World's largest amphibious aircraft can fly from China to near Sarawak(Update)


  • Business
  • Sunday, 24 Dec 2017

The AG600's chief designer, Huang Lingcai, was quoted in the official China Daily earlier this month as saying it can make round trips without refuelling from the southern island province of Hainan to James Shoal, claimed by China but which is located close to Sarawak in Malaysian Borneo.

BEIJING: China's domestically developed AG600, the world's largest amphibious aircraft, performed its maiden flight on Sunday from an airport on the shores of the South China Sea. It can fly non-stop from China to near Sarawak, Malaysia, and back without refueling.

China has stepped up research on advanced military equipment as it adopts a more muscular approach to territorial disputes in places such as the disputed South China Sea, rattling nerves in the Asia-Pacific region and the United States.

China's state media has also noted its potential use in the South China Sea, where China, Vietnam, Malaysia, the Philippines, Taiwan and Brunei all have overlapping claims.

The AG600's chief designer, Huang Lingcai, was quoted in the official China Daily earlier this month as saying it can make round trips without refuelling from the southern island province of Hainan to James Shoal, claimed by China but which is located close to Sarawak in Malaysian Borneo.


It returned about an hour later and taxied to its stand accompanied by martial music and greeted by crowds waving Chinese flags.

Xinhua news agency said the aircraft was the "protector spirit of the sea, islands and reefs".

It had previously been scheduled to make its first flight earlier this year but it is unclear why it was delayed after ground tests took place in April.

State-owned Aviation Industry Corp of China (AVIC) has spent almost eight years developing the aircraft, which is roughly the size of a Boeing Co 737 and is designed to carry out marine rescues and battle forest fires.

However, state media has also noted its potential use in the South China Sea, where China, Vietnam, Malaysia, the Philippines, Taiwan and Brunei all have overlapping claims.

The AG600's chief designer, Huang Lingcai, was quoted in the official China Daily earlier this month as saying it can make round trips without refuelling from the southern island province of Hainan to James Shoal, claimed by China but which is located close to Sarawak in Malaysian Borneo.

Powered by four turboprop engines, the AG600 can carry 50 people during maritime search-and-rescue missions, and can scoop up 12 metric tons of water within 20 seconds for fire fighting trips, according to state media.

The aircraft has received 17 orders so far from Chinese government departments and Chinese companies. It has a maximum flight range of 4,500 km (2,800 miles) and a maximum take-off weight of 53.5 tonnes.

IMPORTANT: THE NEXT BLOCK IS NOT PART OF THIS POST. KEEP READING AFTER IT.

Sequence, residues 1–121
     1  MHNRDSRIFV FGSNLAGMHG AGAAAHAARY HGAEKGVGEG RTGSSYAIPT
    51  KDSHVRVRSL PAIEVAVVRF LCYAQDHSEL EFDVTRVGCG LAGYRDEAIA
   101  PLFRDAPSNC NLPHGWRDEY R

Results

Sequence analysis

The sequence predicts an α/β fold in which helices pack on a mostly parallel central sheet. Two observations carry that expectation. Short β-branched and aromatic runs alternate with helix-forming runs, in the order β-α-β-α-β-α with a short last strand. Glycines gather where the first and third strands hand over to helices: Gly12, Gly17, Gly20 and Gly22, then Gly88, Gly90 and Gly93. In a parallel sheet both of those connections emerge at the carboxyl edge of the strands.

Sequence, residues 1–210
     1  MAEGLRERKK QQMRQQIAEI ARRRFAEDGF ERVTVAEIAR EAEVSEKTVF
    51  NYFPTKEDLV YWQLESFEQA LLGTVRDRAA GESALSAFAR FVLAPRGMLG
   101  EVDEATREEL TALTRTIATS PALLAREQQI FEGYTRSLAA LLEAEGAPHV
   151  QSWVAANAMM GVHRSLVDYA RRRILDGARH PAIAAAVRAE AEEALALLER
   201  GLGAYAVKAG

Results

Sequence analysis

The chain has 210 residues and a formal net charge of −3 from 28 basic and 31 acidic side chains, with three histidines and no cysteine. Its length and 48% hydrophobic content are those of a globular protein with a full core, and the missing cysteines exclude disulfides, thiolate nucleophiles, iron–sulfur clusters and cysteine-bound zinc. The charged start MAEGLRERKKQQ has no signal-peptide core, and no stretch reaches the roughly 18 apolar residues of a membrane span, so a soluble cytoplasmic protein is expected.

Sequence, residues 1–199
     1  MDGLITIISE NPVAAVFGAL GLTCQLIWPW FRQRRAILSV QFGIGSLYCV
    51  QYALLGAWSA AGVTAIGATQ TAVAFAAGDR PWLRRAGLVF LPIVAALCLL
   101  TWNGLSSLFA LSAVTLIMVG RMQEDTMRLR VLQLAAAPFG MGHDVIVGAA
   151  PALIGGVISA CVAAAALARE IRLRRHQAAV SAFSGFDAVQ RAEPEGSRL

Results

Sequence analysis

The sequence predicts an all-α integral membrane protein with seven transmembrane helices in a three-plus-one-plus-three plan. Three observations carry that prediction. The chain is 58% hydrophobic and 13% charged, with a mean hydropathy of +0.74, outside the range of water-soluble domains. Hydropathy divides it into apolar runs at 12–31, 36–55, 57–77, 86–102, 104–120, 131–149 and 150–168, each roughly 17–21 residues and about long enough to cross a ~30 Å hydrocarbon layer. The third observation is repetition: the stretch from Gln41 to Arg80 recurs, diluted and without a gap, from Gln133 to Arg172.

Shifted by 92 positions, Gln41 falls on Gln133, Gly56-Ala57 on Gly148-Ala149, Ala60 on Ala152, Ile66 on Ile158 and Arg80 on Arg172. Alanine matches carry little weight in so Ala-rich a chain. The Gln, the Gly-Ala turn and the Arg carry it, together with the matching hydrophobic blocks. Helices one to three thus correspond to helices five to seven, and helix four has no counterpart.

It can use conventional airports and also land and take-off from the sea.

China is in the midst of a massive military modernisation programme, ranging from testing anti-satellite missiles to building stealth fighters and the country's first indigenous aircraft carrier, to add to an existing one bought from Ukraine. - Reuters

 

Reuteras also reported Monday:

China has "reasonably" expanded its islands in the disputed South China Sea and this year construction projects there including radar facilities covered about 290,000 square meters (72 acres), according to a new government report.

The number was broadly similar to one provided by a U.S. think tank earlier this month.

China has conducted extensive land reclamation work on some of the islands and reefs it controls in the South China Sea, including building airports, alarming its neighbors and Washington.

Beijing says the work is help provide international services such as search-and-rescue but admits there is a military purpose too. China also says it can do whatever it wants on its territory.

The new report, posted on a website run by China's National Marine Data and Information Service and the overseas edition of the ruling Communist Party's People's Daily, says China has enhanced its military presence there and "reasonably" expanded the area covered by the islands.

Apart from what it termed "large radar" - it was unclear if the report was referring to more than one - construction this year has included facilities for underground storage and administrative buildings.

There has been an increase in military patrols too, the report added, without giving specifics.

The report was released on Friday but appeared in the state-run newspaper the Global Times on Monday.

While attention in Asia has been distracted by the North Korean nuclear crisis in the past year, China has continued to install high-frequency radar and other facilities that can be used for military purposes on its man-made islands in the South China Sea, a U.S. think tank said this month.

That report, by the Asia Maritime Transparency Initiative of Washington's Center for Strategic and International Studies, said Chinese activity has involved work on facilities covering 72 acres (29 hectares) of the Spratly and Paracel islands, territory contested with several Asian neighbors.

More than $5 trillion of world trade is shipped through the South China Sea every year. Besides China's territorial claims in the area, Vietnam, Malaysia, Brunei, the Philippines and Taiwan have rival claims. - Reuters

 

 

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China , amphibious , plane , Sarawk , Malaysia , South China Sea , AG600 ,

   

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